Year Built: 1973
Engine: Air-cooled, DOHC four-stroke four
Bore x Stroke: 66mm x 66mm
Owner: Doug Kane
In the ’60s, it was easy to describe motorcycles from Japan. They were small. They were unintimidating. They were—dare we say it?—cute.
Hard-core motorcyclists rode Harleys, Triumphs, Nortons, BSAs.
Then the entire world turned upside-down.
It started, of course, with Honda’s landmark CB750. But Kawasaki was there from the beginning, with its scary-fast 500cc H1, and its scarier 750cc H2. “Cute” didn’t cover any of those.
Then 1973 rolled around, and Kawasaki trotted out the Z-1. Four cylinders. Dual overhead cams. 903ccs.
It was, without question, the baddest motorcycle anybody had ever built.
This machine, more than any other, changed the language of motorcycling. Sure, quarter-mile times and top-speed figures had been studiously reported all along. But even the testers couldn’t believe the level of performance that had been packed into a stock Z-1. And it quickly earned the nickname “The King.”
Doug Kane remembers that era well. He had just started work on the motorcycle dealership in Zanesville, Ohio, that he still operates today. He signed up as a Kawasaki dealer in late 1972 without knowing what was coming down the pipe. And by the time his shop was ready to open, Kawasaki was ready to ship him this customer magnet, in root beer and orange. It was the perfect way to kick off a new business.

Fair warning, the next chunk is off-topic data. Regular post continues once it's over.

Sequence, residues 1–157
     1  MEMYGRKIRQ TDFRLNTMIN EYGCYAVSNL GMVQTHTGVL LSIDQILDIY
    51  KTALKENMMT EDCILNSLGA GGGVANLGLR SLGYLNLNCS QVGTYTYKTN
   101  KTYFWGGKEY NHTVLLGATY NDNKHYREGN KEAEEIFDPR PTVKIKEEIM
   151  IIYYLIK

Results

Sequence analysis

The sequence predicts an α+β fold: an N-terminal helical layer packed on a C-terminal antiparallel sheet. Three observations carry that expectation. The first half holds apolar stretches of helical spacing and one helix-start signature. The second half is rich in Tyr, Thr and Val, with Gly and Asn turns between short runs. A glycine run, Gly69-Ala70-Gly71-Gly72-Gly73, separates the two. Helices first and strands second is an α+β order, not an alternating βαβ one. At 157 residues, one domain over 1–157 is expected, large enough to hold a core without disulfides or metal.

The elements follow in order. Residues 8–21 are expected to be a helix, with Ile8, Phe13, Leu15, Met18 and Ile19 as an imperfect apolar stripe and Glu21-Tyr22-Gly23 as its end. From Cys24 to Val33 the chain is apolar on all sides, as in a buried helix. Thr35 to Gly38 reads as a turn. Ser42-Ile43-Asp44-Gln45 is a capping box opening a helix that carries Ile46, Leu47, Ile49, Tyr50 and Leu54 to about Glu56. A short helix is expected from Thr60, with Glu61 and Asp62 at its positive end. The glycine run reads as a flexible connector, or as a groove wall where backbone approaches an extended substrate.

Like a lot of his customers, Kane had to own a Z-1. He kept his for several years, then sold it. But when the opportunity came along years later to pick up this one (complete with Windjammer fairing and saddlebags), he jumped at it. And when he took off all the non-essentials, he had a true original, just the way it came from Kawasaki.
By that time, people knew what the Z-1 was. It was a prototype of the Superbike—the machines we all take for granted on the street and on the racetrack today.
Now, 28 years later, Doug Kane’s Z-1 was one of the trend-setting motorcycles that made up a previous special exhibit titled “Superbikes!” in the Motorcycle Hall of Fame Museum at AMA headquarters in Pickerington, Ohio.
These were the bikes that changed the motorcycling world in the late ’60s and early ’70s.